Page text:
When I teach a writing class, I start with model essays. If you get something like the Blair Reader of the Best New American [insert genre] or Seeing & Writing or my favourite, The Essay Connection you can find writing you love and start copying their style - not the content, but the WAY they write. The patterns they use, the imagery, etc.

I also recommend finding some people who will write with you and be honest about how you're doing. You want not just friends who will tell you how good you are, but people who will honestly critique what you've written.

If you want some links to the assignments I gave my class, I'm happy to send them to you. Good luck, and above all, just start writing and sharing. It all builds from there.
posted by guster4lovers at 11:34 AM on August 7 [19 favorites]


That's actually a very smart characterization of the problem, Guster. I would love to have a look at those assignments. To everyone else, Guster put the problem into words I couldn't seem to find. Let's work from there.
posted by marsbar77 at 11:39 AM on August 7


> I'm a great bullshit artist

Have you considered working in advertising, or some flavour of marketing or branding? It's a lot of fun, and usually pays pretty well. You don't have to believe in or be attached to anything in particular — although some copywriters may specialise in sports brands or electronics, others will take whatever comes their way.

If you have loftier ambitions, don't forget that F. Scott Fitzgerald, Salman Rushdie, Dorothy Sayers, Don DeLillo, and Joseph Heller all worked as copywriters at some stage.
posted by ZipRibbons at 11:45 AM on August 7 [7 favorites]


You ask why you can't write, and I would guess the answer is: because you aren't practicing writing. You have to write to be a writer. It's not any more complicated than that, and trying to analyze your specific situation as to why you can't or haven't is a waste of time and energy. Write. Consistently. About things that interest you. Once you're doing that, then you can come back and refine your approach or analyze how you could improve your craft.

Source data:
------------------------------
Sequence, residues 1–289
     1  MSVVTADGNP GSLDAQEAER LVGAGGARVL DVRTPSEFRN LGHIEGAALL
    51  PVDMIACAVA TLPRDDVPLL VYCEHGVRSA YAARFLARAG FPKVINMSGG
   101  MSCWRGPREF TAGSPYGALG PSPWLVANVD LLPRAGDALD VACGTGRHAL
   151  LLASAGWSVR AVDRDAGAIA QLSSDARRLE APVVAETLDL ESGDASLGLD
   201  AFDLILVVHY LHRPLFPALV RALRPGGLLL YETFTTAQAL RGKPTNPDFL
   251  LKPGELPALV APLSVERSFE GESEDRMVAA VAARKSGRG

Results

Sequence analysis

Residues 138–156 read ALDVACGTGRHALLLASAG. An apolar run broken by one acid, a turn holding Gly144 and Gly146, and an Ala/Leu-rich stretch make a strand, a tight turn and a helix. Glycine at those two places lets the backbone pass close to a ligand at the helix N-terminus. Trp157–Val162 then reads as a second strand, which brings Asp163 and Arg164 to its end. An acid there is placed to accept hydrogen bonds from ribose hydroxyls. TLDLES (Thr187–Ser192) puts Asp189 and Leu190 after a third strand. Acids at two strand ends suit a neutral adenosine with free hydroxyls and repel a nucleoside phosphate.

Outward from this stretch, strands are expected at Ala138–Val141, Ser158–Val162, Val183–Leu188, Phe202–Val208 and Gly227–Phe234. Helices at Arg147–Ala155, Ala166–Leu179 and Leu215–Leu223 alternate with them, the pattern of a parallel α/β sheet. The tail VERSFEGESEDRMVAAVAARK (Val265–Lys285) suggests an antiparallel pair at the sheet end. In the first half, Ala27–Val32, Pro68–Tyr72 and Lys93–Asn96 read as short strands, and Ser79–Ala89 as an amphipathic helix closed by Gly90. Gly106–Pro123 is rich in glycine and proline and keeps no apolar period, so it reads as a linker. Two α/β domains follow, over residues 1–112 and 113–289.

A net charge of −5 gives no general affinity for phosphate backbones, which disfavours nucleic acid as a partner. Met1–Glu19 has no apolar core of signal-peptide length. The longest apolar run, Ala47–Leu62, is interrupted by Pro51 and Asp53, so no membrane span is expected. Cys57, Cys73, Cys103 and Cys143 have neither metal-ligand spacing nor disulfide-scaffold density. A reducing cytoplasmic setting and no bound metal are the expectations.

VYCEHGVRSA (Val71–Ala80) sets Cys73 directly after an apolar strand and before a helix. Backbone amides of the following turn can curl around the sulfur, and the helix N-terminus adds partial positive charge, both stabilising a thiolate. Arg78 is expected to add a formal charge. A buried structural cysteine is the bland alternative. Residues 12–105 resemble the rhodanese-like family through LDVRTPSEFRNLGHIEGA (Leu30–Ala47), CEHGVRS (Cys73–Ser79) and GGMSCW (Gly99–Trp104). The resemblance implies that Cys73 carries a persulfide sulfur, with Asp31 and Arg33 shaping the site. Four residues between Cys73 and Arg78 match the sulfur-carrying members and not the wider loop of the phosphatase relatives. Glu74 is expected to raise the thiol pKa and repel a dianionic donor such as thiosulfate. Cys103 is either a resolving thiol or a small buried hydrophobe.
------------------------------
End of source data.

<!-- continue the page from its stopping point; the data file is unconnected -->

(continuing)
Monetizing your writing is a whole different story.

Note: if writing as a practice does not sound appealing to you, that's okay. You can be good at putting words together without wanting to be a writer, but it's hard to be a writer without the drive to consistently practice your craft. I myself would say I fall into the first category - I have writerly potential, but I am not a writer because despite several interesting and short-lived blogging attempts, I do not have the drive to write consistently at this point in my life. I can, however, take on jobs that require a lot of writing, especially if other people are providing the direction on what I should be writing.

Sorry if that comes off as harsh, but your description of yourself reminds me of me in some ways, and I wish I'd caught on earlier that the lack of a strong drive to write for writing's sake meant that I shouldn't take on freelance writing as a career at a point when I had a lot of unstructured time.
posted by deludingmyself at 11:50 AM on August 7 [4 favorites]